from the baby-with-the-bath-water dept
"Then the bullies, trolls, jerks, whatever you want to call them, found the thread. That's when the attacks started happening. It got very ugly very fast … With each attack, Anne tried to diffuse the situation and out these people for what they are: bullies. Well, that just made them frenzy even more. Eventually, I left the thread. It got too ugly for me. Anne stuck it out for a while, but finally she called it quits, too."It sounds to me that Anne might be new to the Internet, and hasn't quite learned yet that it's unhealthy and pointless to spend too many calories battling (or feeding, as it were) the vitriolic troll hordes. Rice's complaints also seem to falsely believe that said trolls have started targeting authors in particular, as opposed to them simply enjoying getting a rise out of her. The assumption seems to be that people would be nicer if they weren't anonymous, which simply isn't the case if you've spent any amount of time around the general public. In the petition however, Rice argues that killing anonymity can change everything for the better:
"By removing their anonymity and forcing them to display their real, verified identities, I believe that much of the harassment and bullying will cease. It may continue elsewhere on the web, but not on Amazon, the largest online retail marketplace in the world, where it really counts. Buyers of products on Amazon must have their identities verified, so it should be an easy transition to implement a policy whereby reviewers and forum participants must also have their identities verified."There's a difference between Amazon needing better comment moderation (violence and the worst sort of miserable commentary being deleted more quickly, obviously) versus killing off anonymity in the belief it will somehow magically deliver elevated discourse. As we've long argued at great length, anonymity in online comments can actually benefit the website, community and the overall discourse immensely. For every "Hotstud77" making fun of your nose, there's someone who is using a nom de plume to potentially add something useful to the conversation they might not have been able to anyway (a publisher or author that has something to add, for example, but doesn't feel free to do so under their "brand" name).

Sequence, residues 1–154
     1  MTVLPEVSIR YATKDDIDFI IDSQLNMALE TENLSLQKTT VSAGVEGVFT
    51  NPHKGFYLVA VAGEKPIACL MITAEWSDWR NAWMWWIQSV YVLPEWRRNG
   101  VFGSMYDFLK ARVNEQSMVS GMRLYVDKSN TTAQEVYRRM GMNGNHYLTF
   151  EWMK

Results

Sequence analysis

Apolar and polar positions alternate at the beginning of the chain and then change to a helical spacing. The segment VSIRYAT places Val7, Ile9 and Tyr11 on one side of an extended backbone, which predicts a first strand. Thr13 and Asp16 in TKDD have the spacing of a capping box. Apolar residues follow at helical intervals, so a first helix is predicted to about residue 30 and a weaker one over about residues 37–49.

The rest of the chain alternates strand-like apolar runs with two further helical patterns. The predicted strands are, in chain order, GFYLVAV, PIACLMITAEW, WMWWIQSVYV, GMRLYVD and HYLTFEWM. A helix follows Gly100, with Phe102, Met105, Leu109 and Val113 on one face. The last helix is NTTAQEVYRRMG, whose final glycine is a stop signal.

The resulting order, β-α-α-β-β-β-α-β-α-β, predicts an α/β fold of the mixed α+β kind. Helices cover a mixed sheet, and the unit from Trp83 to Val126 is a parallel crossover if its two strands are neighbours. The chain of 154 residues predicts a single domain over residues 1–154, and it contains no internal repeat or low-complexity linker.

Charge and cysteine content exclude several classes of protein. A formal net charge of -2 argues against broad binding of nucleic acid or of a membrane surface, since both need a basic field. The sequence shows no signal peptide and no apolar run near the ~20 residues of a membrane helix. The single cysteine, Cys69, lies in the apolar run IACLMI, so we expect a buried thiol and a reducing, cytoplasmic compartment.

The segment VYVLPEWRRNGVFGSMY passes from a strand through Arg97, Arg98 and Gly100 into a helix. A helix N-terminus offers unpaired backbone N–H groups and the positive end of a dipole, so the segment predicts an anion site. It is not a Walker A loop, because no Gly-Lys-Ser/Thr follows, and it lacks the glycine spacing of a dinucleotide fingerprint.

Yes, opening your comments to the anonymous hordes results in lots of crazy comments, but it also results in plenty of excellent insight that might otherwise never see the light of day.